Hummingbird Hawk Moth Facts
- This Lepidoptera primarily goes by the common name of the Hummingbird Hawk Moth. Entomologists, however, know it better by its official scientific name. That, though, is the hard to pronounce term of Macroglossum stellatarum.
- Whatever name one chooses to use to refer to it, it’s a fabulous creature. The first recognition of it as a separate and distinct species, meanwhile, occurred in the year 1758. It further owes its acknowledgement to a famous name in science.
- That’s because the famous Swedish botanist, Carl Linnaeus, made that original scientific classification of the species. He also published it in the 10th edition of his Systema Naturae. This gives the insect a historic place in the annals of entomology.
- Its relative fame doesn’t end there, though. That’s due to the fact that it held a place in important, groundbreaking scientific studies. More precisely, in 2018, a lengthy and detailed project completed the sequencing of its entire genome and mitogenome.
- There’s also more good news. For the moment, the Hummingbird Hawk Moth appears to be maintaining a sizeable and stable population. This delightful trend further seems to hold true throughout the entirety of its natural range.
- The IUCN, therefore, presently has no listing for it on the organizations Red List of Threatened Species. The species nonetheless could face threats to its existence in the future. That’s because habitat loss and climate change continue to escalate.
Hummingbird Hawk Moth Physical Description
The magnificent Hummingbird Hawk Moth adroitly proves that size holds no relation to beauty in Nature. This holds true since it only qualifies as a medium-sized type of moth, in terms of wingspan. Also unusually, it shows no noticeable sign of sexual dimorphism.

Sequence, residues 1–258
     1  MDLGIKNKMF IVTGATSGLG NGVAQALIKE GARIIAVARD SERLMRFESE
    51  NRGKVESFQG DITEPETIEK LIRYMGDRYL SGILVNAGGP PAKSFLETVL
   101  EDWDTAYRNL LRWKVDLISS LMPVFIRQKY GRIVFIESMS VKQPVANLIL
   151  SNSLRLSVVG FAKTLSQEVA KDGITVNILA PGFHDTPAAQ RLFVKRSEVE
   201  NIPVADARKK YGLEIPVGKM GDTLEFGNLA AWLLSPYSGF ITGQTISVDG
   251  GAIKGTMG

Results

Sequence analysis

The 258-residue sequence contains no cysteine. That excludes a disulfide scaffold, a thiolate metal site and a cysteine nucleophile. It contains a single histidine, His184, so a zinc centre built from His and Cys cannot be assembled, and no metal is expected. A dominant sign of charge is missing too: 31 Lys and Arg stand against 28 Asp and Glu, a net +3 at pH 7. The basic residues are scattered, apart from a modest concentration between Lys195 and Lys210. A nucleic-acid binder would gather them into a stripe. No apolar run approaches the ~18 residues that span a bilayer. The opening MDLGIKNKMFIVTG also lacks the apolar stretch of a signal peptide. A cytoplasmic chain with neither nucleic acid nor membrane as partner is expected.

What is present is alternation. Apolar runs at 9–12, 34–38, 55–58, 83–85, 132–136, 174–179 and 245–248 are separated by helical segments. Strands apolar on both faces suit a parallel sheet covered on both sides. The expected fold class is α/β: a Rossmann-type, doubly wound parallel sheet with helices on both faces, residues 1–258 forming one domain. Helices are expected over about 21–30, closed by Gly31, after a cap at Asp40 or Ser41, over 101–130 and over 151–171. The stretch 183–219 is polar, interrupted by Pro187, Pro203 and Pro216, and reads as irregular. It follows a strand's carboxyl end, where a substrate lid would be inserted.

This lack of visual difference between the genders extends to both size and appearance. As a result, mature specimens of both sexes attain an average wingspan of about 1.8 in (4.6 cm). While not large, those wings nevertheless impress one, just due to their beauty.
The forewings typically show brown and a crisscrossing of thin black lines. The hind wings of the arthropod, though, usually show orange and display a black edge. Although the wings grow medium-sized, the body remains proportionately larger than related species.
The proboscis of the amazing Hummingbird Hawk Moth, however, developed in a remarkable manner. It’s highly elongated, again mimicking the hummingbird. The arthropod even possesses a short tail tipped with numerous soft, brush-like bristles.
- Kingdom: Animalia
- Phylum: Arthropoda
- Class: Insecta
- Order: Lepidoptera
- Family: Sphingidae
- Genus: Macroglossum
- Species: M. stellatarum
Hummingbird Hawk Moth Distribution, Habitat, and Ecology
The marvelous Hummingbird Hawk Moth possesses yet another strong evolutionary advantage. That’s the fact that it evolved as native to a huge portion of the globe. More precisely, its natural distribution covers much of Asia, Africa, and also Northern Europe.
Even beyond that, most individuals develop as relatively strong fliers. As a result, the species appears virtually anywhere in the hemisphere during the summer. This represents yet another manner in which it differentiates itself from the majority of its peers.
Adding even more to its resume, the amazing invertebrate also evolved as highly adaptable. Due to that trait, it often inhabits a wide variety of habitats. These include regions as diverse as forests, meadows, parks, and even private gardens around human habitations.
Unfortunately for its fans, though, it has a short lifespan. Because of this trait, however, it developed another helpful trait. The marvel of Nature breeds quickly. Therefore, anywhere from 2-4 generations are born in a single season. This often depends on the region, as well.
The mature adults of the Hummingbird Hawk Moth feed exclusively on nectar from plants such as the Red Valerian and Honeysuckle. Thankfully, the species itself, however, has few natural predators. This mainly holds true due to its incredible camouflage.